In other words, it's not just about throwing government information onto the web, but to use technology to make it readily available and easily searchable. Votes, political contributions, calenders of members' of Congress would not only be online but available through Atom or RSS Feed ––– allowing citizens to know what their representatives in Washington are doing.
d. A New Era of Public Access
Technology offers an extraordinary opportunity to give the public new access to the business of Washington.
As Obama said in June, special interest lobbyists walk the halls of regulatory agencies on a daily basis, pressing for their interests, while public hearings are held once a month and are attended by the few able to come. It's time to make those hearings available online via podcast and to offer new ways of hearing public comment --- such that government agencies aren't just accountable to the people some of the time, but all of the time.
2. Availability and Affordability of Access
But a new era of government can only come about online if new constituiencies are given access to the technology required.
a. Ensuring broadband availability
Broadband has the power to be the new fundamental medium for communication between citizens and their government, but only if people have access to it.
Here's how Obama would ensure access:
He calls more aggressive government support of broadband access. Specifically, he calls for subsidies for phone carriers to be given to only those carriers offering both regular phone service and Internet broadband to rural areas. To date, carriers offering merely phone service have been able to claim subsidies from the so-called Universal Service Fund, giving them little incentive to roll out out broadband.
This proposal has been hailed by Lessig and Stoller as a pragmatic and plausible means of ensuring broadband access to rural areas.
Matt Stoller hailed these porposals:
Take the Universal Service Fund, and his plan to move the money that is currently subsidizing rural phone service and ensuring that broadband is subsidized as well. High speed broadband is a core tool for citizens to engage politically; it's not an accident that Color of Change emerged in 2006-2007, after massive growth in broadband to African-Americans.
Building this network out, as Obama is putting forward, and opening up government could create organizing opportunities the likes of which we haven't dreamed.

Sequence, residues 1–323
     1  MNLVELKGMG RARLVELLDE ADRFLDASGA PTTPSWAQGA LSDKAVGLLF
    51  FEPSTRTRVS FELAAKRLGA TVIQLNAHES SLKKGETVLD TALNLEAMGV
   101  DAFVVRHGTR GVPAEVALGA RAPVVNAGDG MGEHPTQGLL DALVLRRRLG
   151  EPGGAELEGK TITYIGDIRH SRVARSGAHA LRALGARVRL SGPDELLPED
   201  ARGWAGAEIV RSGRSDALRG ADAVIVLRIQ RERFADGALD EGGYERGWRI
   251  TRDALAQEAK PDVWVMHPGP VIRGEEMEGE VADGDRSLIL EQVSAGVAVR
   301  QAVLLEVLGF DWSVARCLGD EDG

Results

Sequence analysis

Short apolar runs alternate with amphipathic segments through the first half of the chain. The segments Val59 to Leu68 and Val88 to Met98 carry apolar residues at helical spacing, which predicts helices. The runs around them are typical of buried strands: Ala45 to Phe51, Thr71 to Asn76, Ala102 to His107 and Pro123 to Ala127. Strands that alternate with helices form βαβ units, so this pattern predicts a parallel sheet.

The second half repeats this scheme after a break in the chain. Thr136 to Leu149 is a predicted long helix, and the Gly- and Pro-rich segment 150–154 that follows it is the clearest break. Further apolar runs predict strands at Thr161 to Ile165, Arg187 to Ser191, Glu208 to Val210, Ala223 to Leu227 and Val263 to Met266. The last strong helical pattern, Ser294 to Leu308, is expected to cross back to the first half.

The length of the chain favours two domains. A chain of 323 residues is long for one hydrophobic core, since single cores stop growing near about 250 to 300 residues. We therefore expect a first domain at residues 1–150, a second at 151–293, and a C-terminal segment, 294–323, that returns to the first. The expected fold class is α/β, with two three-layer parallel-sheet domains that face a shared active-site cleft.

Imagine the innovative spirit of Silicon Valley combined with the power of government and the movement building organizing capacity of the netroots, and that's a start. Of course, what's possible is not necessarily what will happen, and it's all in the execution, but this is reaching for something bold.
b. Opening the wireless spectrum:
Obama’s plan also calls for reviewing the decision by the Federal Communications Commission to open the wireless spectrum for competition. Specifically, Obama feels the FCC may not have gone far enough with its recent ruling.
He is strongly considering advocating that spectrum on the 700 MHz band be opened so that third parties can lease it on a wholesale basis. This will ensure winners of a pending auction for the spectrum — expected to be large phone carriers like Verizon — don’t just sit on the spectrum and not use it. They may do that to avoid other entrants from competing with them. Obama’s campaign also appears ready to support the right of service providers to interconnect with a licensee’s wireless network. Google is expected to bid on the wireless spectrum.
d. Net Neutrality
Also from VentureBeat:
Obama also is supporting network neutrality, a policy that would ensure Google wouldn’t be forced to pay an Internet service provider extra to ensure the speedy transfer of its data over the Internet.
Stanford legal expert, Larry Lessig, called me up this afternoon (apparently under recommendation from the campaign) saying Obama has the most nicely balanced policy among the democrats. Obama’s plan, he says, imposes minimal regulatory burden. So: Unlike John Edwards who, proposes to "enforce net neutrality ensuring no degradation or blocking of access to websites," Obama would not ban differential service. He would simply require that the terms offered one website or company are no better or worse than those offered anyone else.
This is a kind of "most favored nations" network neutrality, much simpler to enforce than one that looks to technical factors to determine whether the regulation is obeyed. Venture people should be very interested in this, Lessig says, because "if network neutrality regulation is going to be passed (as it will if a Dem is president) this imposes a very minimal (and relatively easy to monitor) burden on network owner."
All in all, a great package, I'm still sifting through the proposals. I'm sure there are some other gems in here. You can read
. And you can read Lessig's